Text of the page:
POMONA — Unsuccessful attempts to revive the Police Department's beleaguered helicopter patrol program served as a sharp reminder this week that the city's budget problems have direct effects.
On Sept. 22, the City Council voted to increase the number of aerial patrols from two to four nights a week in the hope of cracking down on drug dealing.
But one week later, after Police Chief Richard M. Tefank told the council that the helicopter is "not the most cost-efficient strategy" considering Pomona's financial predicament, council members decided that the city could not afford the expanded service.
"Pomona is on the verge of being a big enough town to keep a helicopter up there six nights a week," Vice Mayor Mark Nymeyer said. "But we're not quite there on the finances."
Cost Estimated at $100,000
The council had voted to expand the helicopter program without having reached a definite agreement over how the increased flights would be financed.
Tefank said he would prefer to have had the increase, which he estimated would have cost about $100,000, but because of fiscal restraints he said that more aerial patrols were not his top priority.
The current helicopter program, which costs $140,000 for about 4 1/2 hours of flight time on Saturdays and Sundays, was slashed from five-night-a-week service during budget-cutting sessions earlier this year.
Faced with a $3.9-million shortfall in the city's $37.9-million budget for 1986-87, City Administrator Ora Lampman had recommended a 4.5% across-the-board cut in expenditures, which included grounding the Police Department's helicopter. The council decided to preserve helicopter service on weekends when the budget was approved in June.
With 1.4 police officers per 1,000 residents, Pomona is about 45 officers short of the national average for cities with populations greater than 100,000. (Pomona has 112,000 residents and the national average is 1.8 police officers per 1,000 residents.)
Pilots Come From Pasadena
The Pasadena Police Department, whose pilots take turns working overtime to fly Pomona's helicopter for the weekend shifts, provides helicopter service in its city seven days a week with about 10 to 12 hours of flight time a day.
"There's no disagreement that we would love to have the helicopter," Lampman said. "We just have to look at what's the most effective use of our funds."
Attempts to restore at least some of the helicopter service began at the Sept. 22 meeting, when Councilwoman Donna Smith made an impassioned plea about the need to crack down on drug activity.
Smith, who often accompanies police on nightly patrols to observe problems in the city, said she recently purchased a gun for protection because of drug-related disturbances in her southeast Pomona neighborhood.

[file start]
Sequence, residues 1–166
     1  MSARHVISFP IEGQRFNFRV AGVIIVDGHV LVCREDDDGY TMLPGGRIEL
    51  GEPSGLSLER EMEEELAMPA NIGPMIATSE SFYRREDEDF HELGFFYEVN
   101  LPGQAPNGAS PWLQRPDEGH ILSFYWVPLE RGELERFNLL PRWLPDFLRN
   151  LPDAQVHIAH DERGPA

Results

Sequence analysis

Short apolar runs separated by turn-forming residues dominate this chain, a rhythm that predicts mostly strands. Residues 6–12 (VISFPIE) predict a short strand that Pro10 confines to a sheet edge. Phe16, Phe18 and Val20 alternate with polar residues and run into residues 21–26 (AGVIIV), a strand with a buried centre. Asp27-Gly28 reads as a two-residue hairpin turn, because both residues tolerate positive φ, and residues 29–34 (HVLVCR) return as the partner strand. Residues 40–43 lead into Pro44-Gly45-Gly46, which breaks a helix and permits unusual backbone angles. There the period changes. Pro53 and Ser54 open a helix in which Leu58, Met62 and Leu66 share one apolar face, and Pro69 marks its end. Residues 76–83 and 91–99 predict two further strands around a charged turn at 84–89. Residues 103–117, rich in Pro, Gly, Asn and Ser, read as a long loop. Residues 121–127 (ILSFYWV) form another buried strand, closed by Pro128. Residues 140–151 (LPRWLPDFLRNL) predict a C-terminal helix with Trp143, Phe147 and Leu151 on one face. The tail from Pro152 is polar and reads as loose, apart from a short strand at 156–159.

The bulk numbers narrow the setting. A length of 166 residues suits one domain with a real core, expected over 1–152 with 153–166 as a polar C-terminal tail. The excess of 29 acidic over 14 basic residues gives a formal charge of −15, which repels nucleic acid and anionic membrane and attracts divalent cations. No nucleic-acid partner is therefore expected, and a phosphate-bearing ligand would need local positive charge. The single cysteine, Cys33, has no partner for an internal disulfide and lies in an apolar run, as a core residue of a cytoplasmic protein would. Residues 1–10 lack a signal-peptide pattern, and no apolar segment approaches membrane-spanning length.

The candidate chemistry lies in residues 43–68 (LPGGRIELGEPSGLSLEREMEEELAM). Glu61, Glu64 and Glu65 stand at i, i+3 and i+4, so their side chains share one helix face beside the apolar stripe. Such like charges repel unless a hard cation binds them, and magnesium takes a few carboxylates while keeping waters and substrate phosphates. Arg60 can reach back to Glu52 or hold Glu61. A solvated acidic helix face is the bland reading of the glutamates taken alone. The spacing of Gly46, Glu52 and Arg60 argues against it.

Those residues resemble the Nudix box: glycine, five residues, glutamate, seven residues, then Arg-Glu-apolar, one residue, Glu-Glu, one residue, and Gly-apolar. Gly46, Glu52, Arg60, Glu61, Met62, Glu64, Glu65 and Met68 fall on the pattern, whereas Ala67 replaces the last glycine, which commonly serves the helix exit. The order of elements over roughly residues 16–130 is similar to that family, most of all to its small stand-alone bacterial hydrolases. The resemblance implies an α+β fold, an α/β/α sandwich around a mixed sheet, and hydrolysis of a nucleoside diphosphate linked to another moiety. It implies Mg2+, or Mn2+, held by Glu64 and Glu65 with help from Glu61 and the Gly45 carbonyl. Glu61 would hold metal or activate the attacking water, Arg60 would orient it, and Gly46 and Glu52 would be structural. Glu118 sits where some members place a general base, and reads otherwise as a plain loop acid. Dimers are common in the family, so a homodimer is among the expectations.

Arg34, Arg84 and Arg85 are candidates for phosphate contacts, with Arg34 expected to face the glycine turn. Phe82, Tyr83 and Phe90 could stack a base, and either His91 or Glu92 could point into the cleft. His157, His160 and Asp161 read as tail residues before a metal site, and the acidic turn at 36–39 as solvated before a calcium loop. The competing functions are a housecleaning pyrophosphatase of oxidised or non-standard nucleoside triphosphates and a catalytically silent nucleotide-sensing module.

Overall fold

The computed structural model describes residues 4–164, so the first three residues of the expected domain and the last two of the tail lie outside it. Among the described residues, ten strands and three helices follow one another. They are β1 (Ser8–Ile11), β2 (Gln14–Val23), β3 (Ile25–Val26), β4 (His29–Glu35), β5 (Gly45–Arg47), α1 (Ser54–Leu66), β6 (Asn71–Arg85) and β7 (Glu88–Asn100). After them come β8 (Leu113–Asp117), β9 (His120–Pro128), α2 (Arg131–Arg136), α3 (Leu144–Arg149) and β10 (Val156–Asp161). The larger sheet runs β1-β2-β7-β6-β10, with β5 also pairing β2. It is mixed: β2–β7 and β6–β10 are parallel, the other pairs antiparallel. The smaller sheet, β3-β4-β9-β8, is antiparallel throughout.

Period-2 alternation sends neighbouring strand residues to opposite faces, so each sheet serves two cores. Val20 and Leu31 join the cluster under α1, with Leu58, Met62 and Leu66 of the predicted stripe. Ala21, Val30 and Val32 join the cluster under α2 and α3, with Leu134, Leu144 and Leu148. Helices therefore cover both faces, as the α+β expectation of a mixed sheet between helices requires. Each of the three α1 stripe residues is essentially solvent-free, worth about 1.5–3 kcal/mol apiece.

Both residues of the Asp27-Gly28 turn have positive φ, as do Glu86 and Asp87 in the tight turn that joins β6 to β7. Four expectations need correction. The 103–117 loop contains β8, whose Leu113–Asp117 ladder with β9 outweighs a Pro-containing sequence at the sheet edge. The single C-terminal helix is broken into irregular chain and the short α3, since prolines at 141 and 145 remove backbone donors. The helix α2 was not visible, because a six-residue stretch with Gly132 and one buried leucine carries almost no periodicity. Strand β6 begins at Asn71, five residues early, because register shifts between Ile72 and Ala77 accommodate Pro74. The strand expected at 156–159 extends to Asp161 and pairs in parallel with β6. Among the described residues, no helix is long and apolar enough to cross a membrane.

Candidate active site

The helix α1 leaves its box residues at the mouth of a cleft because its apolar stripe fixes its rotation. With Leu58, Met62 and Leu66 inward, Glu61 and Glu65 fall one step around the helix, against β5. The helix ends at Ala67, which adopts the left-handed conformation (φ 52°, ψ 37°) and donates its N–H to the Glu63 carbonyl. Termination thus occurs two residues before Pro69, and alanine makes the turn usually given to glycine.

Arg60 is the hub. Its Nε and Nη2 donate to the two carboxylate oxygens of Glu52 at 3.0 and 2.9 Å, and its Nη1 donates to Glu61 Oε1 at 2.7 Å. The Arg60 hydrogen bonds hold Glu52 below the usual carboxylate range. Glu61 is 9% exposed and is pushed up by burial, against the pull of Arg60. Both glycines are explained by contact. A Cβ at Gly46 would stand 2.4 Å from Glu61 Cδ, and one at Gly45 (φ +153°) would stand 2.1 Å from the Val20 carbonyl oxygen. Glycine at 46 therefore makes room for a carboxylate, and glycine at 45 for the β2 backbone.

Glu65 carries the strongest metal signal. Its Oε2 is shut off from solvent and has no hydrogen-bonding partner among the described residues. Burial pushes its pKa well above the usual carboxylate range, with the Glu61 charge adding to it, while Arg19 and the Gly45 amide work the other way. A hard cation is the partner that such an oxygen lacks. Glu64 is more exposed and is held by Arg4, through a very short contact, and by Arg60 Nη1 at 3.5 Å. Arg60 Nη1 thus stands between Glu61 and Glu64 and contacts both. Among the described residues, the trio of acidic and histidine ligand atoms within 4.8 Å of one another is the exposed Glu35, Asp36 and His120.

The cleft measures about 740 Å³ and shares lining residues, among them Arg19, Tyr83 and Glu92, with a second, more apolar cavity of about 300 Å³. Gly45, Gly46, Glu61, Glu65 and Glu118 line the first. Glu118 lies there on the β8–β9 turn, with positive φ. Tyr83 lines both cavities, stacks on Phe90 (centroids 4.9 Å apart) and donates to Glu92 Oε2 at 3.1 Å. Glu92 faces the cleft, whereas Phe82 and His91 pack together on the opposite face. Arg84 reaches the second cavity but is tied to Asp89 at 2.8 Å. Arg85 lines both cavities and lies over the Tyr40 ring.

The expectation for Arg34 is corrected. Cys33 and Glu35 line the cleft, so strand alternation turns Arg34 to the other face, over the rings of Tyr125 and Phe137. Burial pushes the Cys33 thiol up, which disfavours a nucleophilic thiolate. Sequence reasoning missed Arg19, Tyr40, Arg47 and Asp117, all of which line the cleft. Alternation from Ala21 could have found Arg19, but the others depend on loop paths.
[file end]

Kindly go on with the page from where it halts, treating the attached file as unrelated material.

"The people have had it," Smith said. "It's scary out there."
By a vote of 3 to 2, the council decided to support Smith's request and restore helicopter service on Thursday and Friday nights.
Smith said the increased patrols could be paid for by the sale of the city's sanitation service to a private company, which occurred this week. Nymeyer, who also supported the increase, predicted it could be funded by reorganization within the Police Department.
However, Tefank told the council at its Sept. 29 meeting that the $100,000 price tag attached to the expanded service was not a cost-effective means for fighting narcotics street activity.
If the council was concerned about drug sales, Tefank said, it was more important for him to continue to have the flexibility to re-deploy ground personnel, as well as to utilize the helicopter for unscheduled patrols as needed.
Support for Ground Officers
"Most certainly, the Police Department will deploy the helicopter, in addition to the scheduled two days per week, in those situations where it can provide support to ground personnel," Tefank wrote in a memo to the council, "keeping in mind the fiscal responsibility of not exceeding the authorized budget of $140,000."
By a unanimous vote, council members decided to keep the helicopter on its weekend schedule, conceding that deployment of the craft should remain in Tefank's hands and that agreement over funding the increased service could be difficult to achieve.
Smith, who said she changed her vote on assurances that drug problems would be combatted more aggressively, said she would still like to see the helicopter flying above the city more often.
"I feel we probably will be looking at an assessment district in the future" to pay for increased police services, she said. "This all has to come to a head. There has got to be a point of frustration for everybody."